Safety First: How Landlords Can Reduce Risk and Promote Safety

We at want to share another informative post by our guest writer Jackie Williams regarding Safety First: How Landlords Can Reduce Risk and Promote Safety per the following:

More US households are renting than at any other point in the last 50 years, this was illustrated by a percentage increase from 31.2% of households in 2006 to 36.6% in 2016. This research further indicates that the vast majority of those who rent comprises of young adults under the age of 35. Owing to this shift towards rental properties, it has become necessary to address the question of safety. This applies equally to the role that the landlord ought to play to reduce risk as well as what the tenant ought to do to promote safety. However, landlords bear the brunt of this burden as it is their responsibility to enforce high safety standards on their properties. On the other hand, tenants should also be keen to ensure safety on the property, for example, by understanding apartment fire safety guidelines. While there are a number of things you can do to ensure your safety in a rental, there are a few you should not overlook.

The Importance of Precautionary Measures 

One of the most important obligations for landlords is following all local, state and federal safety codes on their property. Some of these codes require landlords to know the dangers of lead paint on their properties and how to get rid of it. Others stipulate the necessity of installing safety guards on second-floor windows. These conditions are stipulated under the law and you may face penalties for not enforcing them. While some of these requirements apply across the board, some are specific to office spaces and yet others to the dedicated spaces designed as buy-to-let for students. However, there are a few things that each residential space should adhere to so as to promote safety, two of which we shall highlight below.

Ensuring Electrical and Gas Safety  

By law, landlords are required to ensure that all electrical systems, including light fittings, sockets, and wiring in the property they let are safe. They must also ensure that all electrical items provided as part of the tenancy such as lamps and cookers are also safe. Conducting a visual inspection of the entire electrical system with every tenancy is vital. Portable appliance tests should also be done every year, and a professional inspection done every five years. Hire registered electricians for any electrical installation or repair work done at the property. For gas safety, landlords are required to have every gas appliance and system including cookers and boilers checked annually by a gas safety registered engineer. You should also consider getting a copy of the gas safety rules and records and give each tenant.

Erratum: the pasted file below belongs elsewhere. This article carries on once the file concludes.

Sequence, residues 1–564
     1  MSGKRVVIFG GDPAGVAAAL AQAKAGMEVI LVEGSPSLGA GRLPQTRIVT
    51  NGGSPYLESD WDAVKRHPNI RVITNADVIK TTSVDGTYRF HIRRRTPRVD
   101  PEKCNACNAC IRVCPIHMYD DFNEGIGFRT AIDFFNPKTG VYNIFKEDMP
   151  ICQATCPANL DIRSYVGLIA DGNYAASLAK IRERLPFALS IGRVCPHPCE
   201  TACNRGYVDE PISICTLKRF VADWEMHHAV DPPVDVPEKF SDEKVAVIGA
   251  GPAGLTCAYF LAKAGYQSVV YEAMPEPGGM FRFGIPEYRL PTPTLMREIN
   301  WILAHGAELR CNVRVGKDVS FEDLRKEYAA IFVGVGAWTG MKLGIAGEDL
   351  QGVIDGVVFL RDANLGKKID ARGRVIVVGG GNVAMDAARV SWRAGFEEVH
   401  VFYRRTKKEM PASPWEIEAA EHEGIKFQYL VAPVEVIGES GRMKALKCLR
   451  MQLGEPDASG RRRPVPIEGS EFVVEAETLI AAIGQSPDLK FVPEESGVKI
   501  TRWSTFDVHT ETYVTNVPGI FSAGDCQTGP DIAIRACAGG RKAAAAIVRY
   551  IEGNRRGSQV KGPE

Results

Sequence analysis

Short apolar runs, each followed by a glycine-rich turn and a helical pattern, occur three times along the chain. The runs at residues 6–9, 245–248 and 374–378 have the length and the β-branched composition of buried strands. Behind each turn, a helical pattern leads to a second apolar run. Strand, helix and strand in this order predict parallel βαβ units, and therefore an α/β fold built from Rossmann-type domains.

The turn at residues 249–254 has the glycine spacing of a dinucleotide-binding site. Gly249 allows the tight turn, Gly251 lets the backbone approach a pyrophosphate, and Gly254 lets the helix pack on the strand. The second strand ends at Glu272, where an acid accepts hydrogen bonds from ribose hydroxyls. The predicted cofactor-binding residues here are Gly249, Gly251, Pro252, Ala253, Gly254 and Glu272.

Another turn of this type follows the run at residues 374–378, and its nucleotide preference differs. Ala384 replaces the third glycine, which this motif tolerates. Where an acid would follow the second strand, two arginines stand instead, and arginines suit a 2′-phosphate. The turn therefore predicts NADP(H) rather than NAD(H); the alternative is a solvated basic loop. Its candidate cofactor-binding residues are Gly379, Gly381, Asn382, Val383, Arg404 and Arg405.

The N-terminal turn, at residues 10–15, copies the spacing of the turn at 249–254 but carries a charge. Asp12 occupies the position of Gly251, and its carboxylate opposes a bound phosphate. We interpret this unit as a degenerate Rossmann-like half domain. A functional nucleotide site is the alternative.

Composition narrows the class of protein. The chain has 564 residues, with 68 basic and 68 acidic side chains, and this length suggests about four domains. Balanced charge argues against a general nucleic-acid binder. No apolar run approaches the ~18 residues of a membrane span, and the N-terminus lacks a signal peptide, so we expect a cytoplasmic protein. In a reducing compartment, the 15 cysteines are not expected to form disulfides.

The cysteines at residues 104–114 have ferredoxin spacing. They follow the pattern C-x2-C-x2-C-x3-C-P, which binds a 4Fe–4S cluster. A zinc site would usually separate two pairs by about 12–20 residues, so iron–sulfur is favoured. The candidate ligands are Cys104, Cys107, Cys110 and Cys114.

Install a Security System

Burglars and thieves present a considerable threat to safety. If landlords fail to take proper measures to ensure their tenants’ safety, they may find the value of their property dropping. In order to make tenants feel safe enough to lease property, it is a good idea to install a security system. Depending on your budget, there are various types and brands that could suit your needs. However, make sure you get one that includes door and window sensors, smoke alarms and motion detecting lights. Most of these gadgets are easy to install and allow remote access so you can monitor them at your convenience.

Safety will always be a big part of our lives but even more so on the premises that we lease out. Taking these precautions may mitigate some of the common safety risks.

Jackie Williams is a professional freelance writer and has prior work experience in both property management and real estate. However, her most important and rewarding role is being a mom. Jackie understands and conveys the importance of prevention as indicated in her posts. She highlights simple, cheap and effective measures to safe proof your home. 

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